Unsung reproductive health champions of Bungoma
Each day she sets out to speak to young women and girls about family planning or safe motherhood, Rahma Issa, 24, comes face to face with how myths about the use of contraceptives are entrenched in her western Kenyan community.
And so, when she explains various methods young women and girls can use to prevent unintended pregnancies in the congested and shanties of Mjini informal settlements, sprawling Mfutu and the bustling Kanduyi town in Bungoma county, they ask her a plethora of questions: “Is it true, I can get pregnant if we have sex standing?
Will I get a baby after using a family planning method or drug?” But for her, such questions kicks off her day.
For close to four years, Issa has been involved as a peer educator on Sexual Health and Reproductive Rights (SRHR) of adolescent girls and boys in the county, championing and representing their voices in regional and global meetings.
“This is greater and fulfilling than anything ever before,” says Issa, a member of Bungoma Youth Connect— a youth-led community based organisation empowering adolescents on SRHR, peace building and environment conservation.
“I will not keep quiet if I see any young girl suffering around me. I always speak up,” she adds.
Issa and her fellow peer educators have educated dozens of girls on the family planning options available to them, distributed condoms, sanitary pads and conducted blood drives for maternal and new born health.
“When we talk to the young people, we get their side of the story. Young people are going through a lot, but do not know where to get help.
I am happy, the work I do has undoubtedly saved many of them from dropping out of school due to unintended pregnancies,” says Issa, who traces her involvement in community work back to when she was 12.
But even as cases of Covid-19 continue to decrease, public health directives of social distancing, sanitising hands or wearing masks is still a big challenge where Issa lives.
The Kenya Demographic and Health Survey (KDHS) 2014 indicates that the public sector is the major source of contraceptive methods in Kenya, providing contraception to six out of 10 (60 per cent) of current users. It, therefore, remains critical to adequately resource it to meet the reproductive health care needs of women and their partners.
Before Covid-19, the country was struggling to meet funding requirements for SRHR.
A budget analysis by Deutsche Stiftung Weltbevölkerung (DSW) in nine counties during the 2018/2019 fiscal year found that counties invested less in their family planning programmes than they needed to.
“In light of the Covid-19 pandemic, this dire situation could get worse if we do not pay attention to reproductive health care,” says Evelyn Samba, Country Director-DSW, a non-governmental organisation focusing on the needs of youth and creating demand for and access to health information, services and supplies.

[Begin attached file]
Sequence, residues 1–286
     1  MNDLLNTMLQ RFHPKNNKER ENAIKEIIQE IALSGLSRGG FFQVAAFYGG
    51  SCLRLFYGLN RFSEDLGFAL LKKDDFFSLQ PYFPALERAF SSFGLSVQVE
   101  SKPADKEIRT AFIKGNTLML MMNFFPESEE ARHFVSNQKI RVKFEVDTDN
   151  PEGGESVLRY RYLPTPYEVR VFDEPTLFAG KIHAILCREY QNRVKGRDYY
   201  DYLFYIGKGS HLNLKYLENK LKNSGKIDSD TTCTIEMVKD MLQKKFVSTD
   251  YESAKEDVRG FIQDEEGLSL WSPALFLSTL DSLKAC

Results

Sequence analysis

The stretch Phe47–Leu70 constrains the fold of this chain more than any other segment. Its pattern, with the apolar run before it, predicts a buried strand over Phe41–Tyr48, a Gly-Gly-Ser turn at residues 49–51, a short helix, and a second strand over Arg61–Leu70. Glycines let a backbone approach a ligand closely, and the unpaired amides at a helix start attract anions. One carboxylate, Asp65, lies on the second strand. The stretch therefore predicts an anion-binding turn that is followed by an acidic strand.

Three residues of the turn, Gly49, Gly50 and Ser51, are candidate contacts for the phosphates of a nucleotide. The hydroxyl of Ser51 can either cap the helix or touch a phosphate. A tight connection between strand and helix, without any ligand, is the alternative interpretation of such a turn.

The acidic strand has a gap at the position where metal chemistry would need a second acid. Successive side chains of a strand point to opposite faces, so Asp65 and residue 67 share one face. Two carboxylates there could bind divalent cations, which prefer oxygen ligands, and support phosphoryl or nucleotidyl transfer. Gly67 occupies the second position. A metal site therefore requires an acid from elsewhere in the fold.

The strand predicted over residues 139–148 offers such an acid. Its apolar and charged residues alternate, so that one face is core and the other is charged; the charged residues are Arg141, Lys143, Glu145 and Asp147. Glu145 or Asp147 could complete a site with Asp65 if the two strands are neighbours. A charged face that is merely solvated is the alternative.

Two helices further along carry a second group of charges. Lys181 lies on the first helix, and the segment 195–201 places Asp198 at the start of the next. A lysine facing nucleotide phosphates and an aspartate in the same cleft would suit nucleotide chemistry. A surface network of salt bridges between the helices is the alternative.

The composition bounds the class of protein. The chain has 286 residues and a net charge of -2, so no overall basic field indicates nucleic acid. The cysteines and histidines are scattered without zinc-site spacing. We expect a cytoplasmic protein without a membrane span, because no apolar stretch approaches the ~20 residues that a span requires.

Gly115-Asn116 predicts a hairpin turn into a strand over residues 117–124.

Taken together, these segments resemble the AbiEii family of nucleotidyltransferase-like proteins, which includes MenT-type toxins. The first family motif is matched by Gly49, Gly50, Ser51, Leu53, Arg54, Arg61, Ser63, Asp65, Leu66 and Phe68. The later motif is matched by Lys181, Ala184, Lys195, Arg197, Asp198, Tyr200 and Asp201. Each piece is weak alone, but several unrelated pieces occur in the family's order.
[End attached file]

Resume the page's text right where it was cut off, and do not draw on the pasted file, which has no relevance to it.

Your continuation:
In Bungoma, the rate of teenage pregnancy has slightly risen during this period, says Christine Naliaka, Deputy Chief County Nurse.
The rate among young girls aged 10-19 between January and June was at 1,165 in Kanduyi sub-county, Webuye West 787, Cheptais 778, Tongaren 697, Mt Elgon 508 and Sirisia 190.
For post abortal care services during the same period included 793 from Kanduyi, Webuye West 665, Tongaren 443, Cheptais 276 and Sirisia 220.
“With Uganda border at Malaba closed due to Covid-19, truck drivers spend about four to five days in these transit towns, hence fueling sex trade. This only means there is a lot of unprotected sex resulting in unintended pregnancies,” adds Naliaka.
On matters maternal and newborn health, the county has registered improvement. The county’s target population for deliveries is 58,078 for antenatal care up to the fourth visit, delivery and family planning continuation.
“In January, our target was 4,839 for the first ANC visit, but we recorded 5,755 clients, while facility delivery during the same period stood at 2,751,” explains Naliaka, noting that increased facility deliveries from last quarter of 2019 was as a result of an initiative dubbed ‘Mama Bags’ —where women were given baby shawl, soap, sanitary towels and lesso after giving birth in health facilities.
The county also did well on family planning services, with injectables as the most preferred option recording 29,148 and 34,138 clients in the first and second quarter respectively.
Maureen Oduor, advocacy officer at DSW, says adolescent girls are less likely to access SRHR in the wake of Covid-19, thus endangering their lives.
“The full realisation of all women’s SRHR needs remains far from being addressed. But the gains we have made shouldn’t be wiped by the pandemic” explains Oduor who oversees SRHR advocacy in the county.
Solutions for access to such services should not be a-one-shoe fit-all affair. There is need for multi-sectoral approach in three areas.
“At the family level; parents should guide children, provide basic needs, and monitor friends their teenagers interact with; at administrative level: the chief, Nyumba Kumi officials can reinforce discipline backed by support from CHVs in creating awareness; and at the health facility level; they should be encouraged to have ‘youth friendly services’ and use data to make informed decisions on access” adds Naliaka.
Dr Maricianah Onono, a research scientist at Kemri-Wellcome Trust believes there is need to reduce unmet needs and give women and girls choices on contraception.
“As a nation, we should not demonise healthcare workers, but women and girls needs to be counselled on side effects, need for choices and access when it comes to contraceptives”
She further suggests adolescent girls and women’s healthcare needs should take the following shape; a life course sexual health approach, championing the need for sexually transmitted infections diagnostic within the healthcare facilities and expanding the contraceptive access.